My main airflow fan starting to make some noises indicating material had outgrown or was stuck around the blade area. Cleaning the fan can be a pain if not removed from the housing of the GF machine. Last time I cleaned from the back and peaked at the inner side and quickly noticed that the main airflow fan has 4 hex screws and the two at the bottom are blocked by what appears to be a molding or screw slot that raises higher and cannot fit a tool to remove it. What I thought to use were the rounded head allen wrenches since they can still work at an angle and they worked great to remove them. The one that is on the bottom right, you have no visibility so you can use your phone to guide yourself with the flash light on.
Also note that these screws have thread locker so they are a bit hard to loosen it but it does come off. I’m a mechanic so, heat would usually be used if too tight but it wasn’t necessary for me, you can use a hair dryer or heating gun and point it around those screws if necessary.
The trickly part is not the cleaning process, it is the two bottom screws that you cannot see if they are aligned no matter how you position your phone because they are berried behind the fan. My solution: Design and 3D print a screw guide at the first slot since the wholes are too big to keep the screws as straight
as possible. I have pictures where it shows the screws being straight. By design, GF did not account for removing these fans to clean it or even replace it, I believe the right way would be to disassemble a big part of the machine to get that housing with enough clearance to allow for it to be aligned properly and tighten it.
Here is the STL File that I used but this will give you an idea of what you need to keep those screws as straight as possible during installation. Also note that it is a bit hard to start position the fan housing on the guides shown in the pictures, they are great for holding the fan in place but the floor cones get in the way during installation, I noticed that it helps to first insert the bottom left corner at an angle and then reposition it in a clockwise manner and it will somehow fall into place and then just push back. Also, with the screws installed, push them all flush since they will be pushed back by the guides on the body once they are inserted into place, I hope I make sense but it is just a bad design they way it is setup. To keep the guides in place so they don’t move from the fan housing, just add a bit of loctite on the neck of the 3D printed guide and install it on the fan housing so it won’t move, mine was a bit loose but was good enough to have no movement once placed in the housing. Main Fan Screw Guide v1.stl (55.8 KB)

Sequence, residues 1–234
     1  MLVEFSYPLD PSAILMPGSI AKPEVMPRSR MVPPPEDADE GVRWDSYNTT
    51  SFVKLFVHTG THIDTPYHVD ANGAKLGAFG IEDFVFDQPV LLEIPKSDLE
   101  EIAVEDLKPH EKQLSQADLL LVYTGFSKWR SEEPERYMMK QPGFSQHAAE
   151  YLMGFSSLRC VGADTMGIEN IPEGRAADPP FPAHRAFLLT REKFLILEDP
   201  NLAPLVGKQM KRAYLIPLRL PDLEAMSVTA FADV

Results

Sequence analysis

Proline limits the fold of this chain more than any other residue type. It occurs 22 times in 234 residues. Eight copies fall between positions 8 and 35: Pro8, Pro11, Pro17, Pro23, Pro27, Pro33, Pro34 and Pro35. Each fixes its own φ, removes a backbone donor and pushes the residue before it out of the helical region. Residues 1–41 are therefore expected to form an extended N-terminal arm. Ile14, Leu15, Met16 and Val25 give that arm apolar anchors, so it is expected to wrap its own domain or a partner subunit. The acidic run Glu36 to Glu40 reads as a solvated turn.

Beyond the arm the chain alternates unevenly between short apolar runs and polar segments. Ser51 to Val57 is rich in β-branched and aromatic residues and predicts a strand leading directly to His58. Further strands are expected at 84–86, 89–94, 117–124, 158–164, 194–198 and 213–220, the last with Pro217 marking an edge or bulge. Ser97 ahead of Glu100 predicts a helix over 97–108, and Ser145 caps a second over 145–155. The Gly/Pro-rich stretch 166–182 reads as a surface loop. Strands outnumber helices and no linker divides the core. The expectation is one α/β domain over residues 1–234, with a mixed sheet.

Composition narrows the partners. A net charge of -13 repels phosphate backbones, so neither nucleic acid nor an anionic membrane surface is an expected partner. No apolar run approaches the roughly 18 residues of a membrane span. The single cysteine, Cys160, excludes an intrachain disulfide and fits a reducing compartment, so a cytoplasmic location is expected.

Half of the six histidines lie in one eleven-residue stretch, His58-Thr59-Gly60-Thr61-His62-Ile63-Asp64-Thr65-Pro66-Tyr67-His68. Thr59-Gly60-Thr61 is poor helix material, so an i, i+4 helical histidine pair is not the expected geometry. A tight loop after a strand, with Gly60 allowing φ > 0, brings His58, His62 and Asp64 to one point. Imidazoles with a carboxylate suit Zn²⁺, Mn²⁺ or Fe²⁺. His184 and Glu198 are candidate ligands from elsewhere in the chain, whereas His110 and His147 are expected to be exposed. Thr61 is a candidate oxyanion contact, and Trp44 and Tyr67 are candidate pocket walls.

Didn’t think to glue the screws to the fan housing as I thought I needed to be able to slide it back and forth which I did after I saw that it was slotted. Though, I’m impressed that you managed to install those screws without too much struggle. I had to quickly think about what I had on hand, I have the GF Pro but I don’t know if any other design makes a difference.
Yes, I believe not all designs are the same but from I can see, this is an impossible task because those screws move so much and having that wall there you just can’t see or even grab it to install it. Even the one on the bottom left is hard because there are those cylinder moldings coming from the bottom that does not allow for the screws to be positioned properly. This could have been easily fixed if the outer ear of the fan housing had guides already but this is a chinese fan assembly so they just included those holes for universal use. This picture shows how the screws normally sag and the one on the left shows with the adapter installed, perfect.
yea, I put the liquid right where the screw goes into the fan (remember there is a ‘cup’ that the hole fits over),then push the screw into place (remember you need to use a rounded hex key) and screw the fan in place, your idea is much more elegant, and a better idea for someone who takes their time and does it ‘right’ (cough, not me)
A straw would need to be a tight fit but possible if you find the right straw. The problem is that there is no room for error and that guide that you mention actually gets in the way since it is too long, would have been better if it was not too long so that the clearance of play is more and then the screw has a better chance of falling closer to where it should start the thread. I have highlighted the bottom cylinder from the bottom that is right where that screw sits, and it is on both sides lol, you can only touch the screw head with one finger (barely) for the bottom right side. which you can’t see in this pic, you have to use your phone as a mirror.